It’s Good to Have Real Aadhaar, But Fear Of Biometric Theft Is There

As far as identification technology for citizens goes, nothing in the world rivals or even comes close to Aadhaar. The biometric-based (fingerprints and iris scans) 12-digit unique identity, now used by almost 1.1 billion Indians, is the most advanced of its kind, India is at least a decade ahead of any other country in terms of using biometrics as an identity.

The US and other countries use biometrics at immigration. Australia and Canada use biometric-based checks for border control. Israel also has Aadhaar-like biometric database of all Israeli residents. However, no country is using biometric based systems in as wide range of applications as India is envisaging, says Madhur Singhal, partner, Bain & Company. Plagued as India is by the menace of duplicate cards—random estimates suggest many citizens have anywhere from two to five driving licenses, ration cards and the like—Aadhaar is the only one that evidently can’t be duplicated. And the government is pushing Aadhaar for almost everything—marriage certificates, passports, pension claims, opening bank accounts and now for mobile connections and also to be linked to PAN cards.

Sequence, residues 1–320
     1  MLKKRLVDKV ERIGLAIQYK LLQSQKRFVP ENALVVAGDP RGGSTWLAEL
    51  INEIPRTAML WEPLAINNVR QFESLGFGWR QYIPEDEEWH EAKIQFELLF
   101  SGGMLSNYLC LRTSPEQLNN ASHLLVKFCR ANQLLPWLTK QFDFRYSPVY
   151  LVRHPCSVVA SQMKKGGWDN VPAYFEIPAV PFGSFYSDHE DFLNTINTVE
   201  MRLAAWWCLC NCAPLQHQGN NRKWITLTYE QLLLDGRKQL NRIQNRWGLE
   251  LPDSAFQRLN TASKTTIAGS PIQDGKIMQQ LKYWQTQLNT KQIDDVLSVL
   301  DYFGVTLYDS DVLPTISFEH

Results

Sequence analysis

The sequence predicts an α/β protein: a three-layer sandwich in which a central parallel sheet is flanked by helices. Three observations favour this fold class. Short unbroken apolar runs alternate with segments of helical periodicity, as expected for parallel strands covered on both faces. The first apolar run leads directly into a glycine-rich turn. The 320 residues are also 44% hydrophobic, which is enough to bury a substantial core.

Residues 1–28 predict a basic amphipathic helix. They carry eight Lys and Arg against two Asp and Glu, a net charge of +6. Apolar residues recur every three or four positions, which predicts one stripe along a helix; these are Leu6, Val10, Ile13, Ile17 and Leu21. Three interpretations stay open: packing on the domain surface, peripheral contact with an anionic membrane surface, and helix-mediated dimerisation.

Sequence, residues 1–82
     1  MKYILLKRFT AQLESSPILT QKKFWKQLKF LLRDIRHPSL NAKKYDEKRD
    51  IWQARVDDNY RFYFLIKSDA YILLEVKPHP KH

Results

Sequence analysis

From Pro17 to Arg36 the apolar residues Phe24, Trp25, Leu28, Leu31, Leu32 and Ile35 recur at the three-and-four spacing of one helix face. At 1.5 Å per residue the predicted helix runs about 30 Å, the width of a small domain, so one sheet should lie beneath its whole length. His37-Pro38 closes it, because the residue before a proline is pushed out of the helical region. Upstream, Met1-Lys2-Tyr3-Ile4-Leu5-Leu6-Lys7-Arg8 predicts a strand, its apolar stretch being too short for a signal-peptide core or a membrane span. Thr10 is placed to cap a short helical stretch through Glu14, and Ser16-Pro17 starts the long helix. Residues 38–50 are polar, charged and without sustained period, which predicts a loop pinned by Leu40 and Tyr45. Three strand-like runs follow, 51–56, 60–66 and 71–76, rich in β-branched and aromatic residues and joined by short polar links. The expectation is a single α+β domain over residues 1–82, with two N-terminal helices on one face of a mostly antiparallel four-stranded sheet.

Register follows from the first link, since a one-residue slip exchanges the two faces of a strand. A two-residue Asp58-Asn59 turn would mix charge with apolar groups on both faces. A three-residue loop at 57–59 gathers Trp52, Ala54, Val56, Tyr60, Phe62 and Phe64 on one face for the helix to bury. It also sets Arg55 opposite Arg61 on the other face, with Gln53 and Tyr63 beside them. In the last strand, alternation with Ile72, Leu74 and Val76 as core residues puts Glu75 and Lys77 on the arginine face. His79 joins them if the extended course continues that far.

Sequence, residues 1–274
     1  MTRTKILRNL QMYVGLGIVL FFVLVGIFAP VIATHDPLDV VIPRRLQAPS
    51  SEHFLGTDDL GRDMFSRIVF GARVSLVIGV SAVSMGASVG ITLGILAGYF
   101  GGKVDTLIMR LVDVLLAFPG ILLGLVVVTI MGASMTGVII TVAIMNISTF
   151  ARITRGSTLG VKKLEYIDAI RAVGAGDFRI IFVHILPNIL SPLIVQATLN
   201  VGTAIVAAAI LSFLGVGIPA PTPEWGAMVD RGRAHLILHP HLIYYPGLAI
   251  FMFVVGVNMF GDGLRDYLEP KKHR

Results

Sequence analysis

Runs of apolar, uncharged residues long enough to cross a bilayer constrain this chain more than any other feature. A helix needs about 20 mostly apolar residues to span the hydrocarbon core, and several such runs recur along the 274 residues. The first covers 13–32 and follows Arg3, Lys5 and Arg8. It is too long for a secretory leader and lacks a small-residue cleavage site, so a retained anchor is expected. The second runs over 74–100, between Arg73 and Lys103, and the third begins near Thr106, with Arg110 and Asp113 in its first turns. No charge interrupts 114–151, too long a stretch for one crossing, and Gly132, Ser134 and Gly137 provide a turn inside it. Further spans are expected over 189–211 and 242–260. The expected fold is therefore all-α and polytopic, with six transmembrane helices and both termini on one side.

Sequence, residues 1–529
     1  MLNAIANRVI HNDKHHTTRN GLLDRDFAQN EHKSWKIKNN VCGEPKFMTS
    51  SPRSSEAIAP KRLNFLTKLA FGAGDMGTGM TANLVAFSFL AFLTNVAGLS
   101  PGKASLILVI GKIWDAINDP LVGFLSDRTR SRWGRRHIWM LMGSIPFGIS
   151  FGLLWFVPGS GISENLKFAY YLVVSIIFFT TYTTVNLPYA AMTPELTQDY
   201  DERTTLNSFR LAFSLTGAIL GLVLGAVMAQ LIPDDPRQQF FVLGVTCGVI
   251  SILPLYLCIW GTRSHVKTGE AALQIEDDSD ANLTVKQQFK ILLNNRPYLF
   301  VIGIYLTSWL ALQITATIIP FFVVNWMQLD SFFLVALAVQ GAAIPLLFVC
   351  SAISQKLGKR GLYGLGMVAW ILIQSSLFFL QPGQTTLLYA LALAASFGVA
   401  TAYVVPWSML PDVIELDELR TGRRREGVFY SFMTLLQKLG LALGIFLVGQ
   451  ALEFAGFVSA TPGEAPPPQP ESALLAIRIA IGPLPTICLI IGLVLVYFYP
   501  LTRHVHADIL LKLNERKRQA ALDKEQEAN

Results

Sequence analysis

Aadhaar is already being used in multiple places. Its biggest benefit is universal and trusted verification of any individual and, as a result, Aadhaar is being used to acquire and authenticate customers faster in businesses like financial services or banking by doing eKYC (electronic Know Your Customer), eSigning of documents and so on. The government is linking transfer of subsidies and other benefits through Aadhaar. This ensures transparency. Aadhaar will form the basis for digital storage of documents as well, very soon, Even as the Aadhaar world expands, there have been noises about why it is being made mandatory for multiple government schemes and how secure it is.

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